Bethel Christian Academy wins Maryland discrimination case

A federal judge has ruled in favor of a Maryland Christian school that was denied access to a state voucher program based on its biblical views on marriage and gender identity.

Bethel Christian Academy in Savage, Md., was prohibited in 2018 from participating in Maryland’s Broadening Options and Opportunities for Students Today (BOOST) program. The program is designed to give K-12 students from lower-income families an opportunity to find the best educational fit by providing scholarships for them to attend a non-public school. 

The scholarship’s website touts the program as an opportunity for students from all backgrounds: “We believe that education is not one-size-fits-all and that families should have the opportunity to choose the education that best fits their child’s needs.”

For the first two years of the BOOST program’s existence, Bethel Christian was an eligible recipient of state scholarship vouchers, and 35 Bethel-enrolled students received scholarships to attend the school. 

Then, in 2018, the chairman of the voucher program’s advisory board informed Bethel that the BOOST oversight board had determined that Bethel’s policies were discriminatory. The board had reviewed the handbooks of all participating schools and determined that 22 schools had “questionable” language in their guides. 

At issue was Bethel Christian’s policy defining marriage as a union between a man and a woman and requiring students and faculty to use the facilities that correspond with their biological sex rather than any preferred gender identity.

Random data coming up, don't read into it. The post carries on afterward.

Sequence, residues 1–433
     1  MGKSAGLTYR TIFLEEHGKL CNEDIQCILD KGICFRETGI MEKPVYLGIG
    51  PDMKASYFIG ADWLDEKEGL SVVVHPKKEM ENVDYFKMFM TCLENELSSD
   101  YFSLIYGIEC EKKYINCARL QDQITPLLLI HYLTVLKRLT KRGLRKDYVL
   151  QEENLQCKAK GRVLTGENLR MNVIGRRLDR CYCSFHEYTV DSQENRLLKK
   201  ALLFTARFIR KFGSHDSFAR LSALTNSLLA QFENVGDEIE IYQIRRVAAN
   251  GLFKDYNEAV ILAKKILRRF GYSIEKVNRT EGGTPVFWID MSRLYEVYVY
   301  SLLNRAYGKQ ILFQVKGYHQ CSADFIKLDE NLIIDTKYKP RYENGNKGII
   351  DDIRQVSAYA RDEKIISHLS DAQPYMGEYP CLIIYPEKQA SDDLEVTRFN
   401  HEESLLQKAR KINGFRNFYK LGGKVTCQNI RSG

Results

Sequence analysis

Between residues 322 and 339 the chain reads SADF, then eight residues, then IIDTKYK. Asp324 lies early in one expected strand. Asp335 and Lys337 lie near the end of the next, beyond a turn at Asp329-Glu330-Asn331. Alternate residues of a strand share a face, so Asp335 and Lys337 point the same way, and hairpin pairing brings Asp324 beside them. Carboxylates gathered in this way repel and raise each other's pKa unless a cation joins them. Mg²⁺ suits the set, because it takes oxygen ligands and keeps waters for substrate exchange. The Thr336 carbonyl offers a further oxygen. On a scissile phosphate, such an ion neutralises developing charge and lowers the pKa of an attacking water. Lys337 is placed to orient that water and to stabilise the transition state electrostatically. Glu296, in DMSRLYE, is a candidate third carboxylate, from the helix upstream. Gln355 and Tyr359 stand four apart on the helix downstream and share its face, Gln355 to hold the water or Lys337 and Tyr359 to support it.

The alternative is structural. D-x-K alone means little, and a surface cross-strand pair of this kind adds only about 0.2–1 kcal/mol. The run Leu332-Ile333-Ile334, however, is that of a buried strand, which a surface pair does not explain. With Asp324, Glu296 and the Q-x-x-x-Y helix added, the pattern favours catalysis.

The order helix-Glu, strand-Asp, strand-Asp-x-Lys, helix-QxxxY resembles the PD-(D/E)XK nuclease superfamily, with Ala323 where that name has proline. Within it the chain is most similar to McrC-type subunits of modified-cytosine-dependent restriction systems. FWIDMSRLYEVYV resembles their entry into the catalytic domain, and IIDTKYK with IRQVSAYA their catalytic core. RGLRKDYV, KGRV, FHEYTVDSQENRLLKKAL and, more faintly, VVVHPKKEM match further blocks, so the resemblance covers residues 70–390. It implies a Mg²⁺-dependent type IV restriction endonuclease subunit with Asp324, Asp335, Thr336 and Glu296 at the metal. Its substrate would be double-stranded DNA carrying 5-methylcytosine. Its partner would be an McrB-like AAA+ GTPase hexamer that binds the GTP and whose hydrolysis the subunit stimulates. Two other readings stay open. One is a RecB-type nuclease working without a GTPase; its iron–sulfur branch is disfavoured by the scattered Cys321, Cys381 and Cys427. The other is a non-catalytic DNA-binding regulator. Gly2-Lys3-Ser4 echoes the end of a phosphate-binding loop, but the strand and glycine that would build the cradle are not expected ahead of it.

Bethel filed suit in 2019 over its removal from the BOOST program and the state’s demands that the school repay the more than $106,000 it had received in scholarships.

In her December 10 ruling, US District Court Judge Stephanie Gallagher, a President Trump appointee, determined that Maryland unlawfully discriminated against Bethel due to its traditional views on marriage and gender identity.

In the ruling, Judge Gallagher wrote that the state failed to put forth evidence that Bethel’s policies “deterred a single prospective applicant from applying for admission” or that “Bethel has ever denied admission, expelled, or disciplined a student on the basis of sexual orientation.”

“Not only was Defendants’ decision to exclude Bethel from BOOST eligibility based on Bethel’s speech, but it was based on the specific viewpoints Bethel chose to express in its admissions policy,” Gallagher wrote in her ruling. “The First Amendment, which is applicable to the states via the Fourteenth Amendment, bars laws that restrict the freedom of speech.”

In several states, Christian school funding under tuition voucher programs is under attack. Last week, the Supreme Court heard arguments in the case of Carson v Makin. That case centers around the state of Maine’s exclusion of religious schools from its state tuition program. A decision on that case is expected next summer.